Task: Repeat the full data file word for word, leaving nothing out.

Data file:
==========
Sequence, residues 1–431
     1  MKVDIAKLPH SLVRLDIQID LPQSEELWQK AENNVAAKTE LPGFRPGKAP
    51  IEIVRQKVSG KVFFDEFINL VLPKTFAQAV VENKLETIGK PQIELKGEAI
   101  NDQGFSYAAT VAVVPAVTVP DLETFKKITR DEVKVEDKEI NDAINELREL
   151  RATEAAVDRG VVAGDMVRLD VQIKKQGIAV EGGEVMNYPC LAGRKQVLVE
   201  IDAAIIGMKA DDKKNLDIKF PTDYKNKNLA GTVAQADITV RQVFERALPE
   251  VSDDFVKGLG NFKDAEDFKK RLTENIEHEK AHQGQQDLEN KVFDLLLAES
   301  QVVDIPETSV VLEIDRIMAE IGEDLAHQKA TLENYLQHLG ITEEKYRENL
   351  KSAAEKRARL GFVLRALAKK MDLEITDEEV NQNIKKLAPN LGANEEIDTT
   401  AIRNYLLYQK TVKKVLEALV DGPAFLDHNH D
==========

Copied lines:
Sequence, residues 1–431
     1  MKVDIAKLPH SLVRLDIQID LPQSEELWQK AENNVAAKTE LPGFRPGKAP
    51  IEIVRQKVSG KVFFDEFINL VLPKTFAQAV VENKLETIGK PQIELKGEAI
   101  NDQGFSYAAT VAVVPAVTVP DLETFKKITR DEVKVEDKEI NDAINELREL
   151  RATEAAVDRG VVAGDMVRLD VQIKKQGIAV EGGEVMNYPC LAGRKQVLVE
   201  IDAAIIGMKA DDKKNLDIKF PTDYKNKNLA GTVAQADITV RQVFERALPE
   251  VSDDFVKGLG NFKDAEDFKK RLTENIEHEK AHQGQQDLEN KVFDLLLAES
   301  QVVDIPETSV VLEIDRIMAE IGEDLAHQKA TLENYLQHLG ITEEKYRENL
   351  KSAAEKRARL GFVLRALAKK MDLEITDEEV NQNIKKLAPN LGANEEIDTT
   401  AIRNYLLYQK TVKKVLEALV DGPAFLDHNH D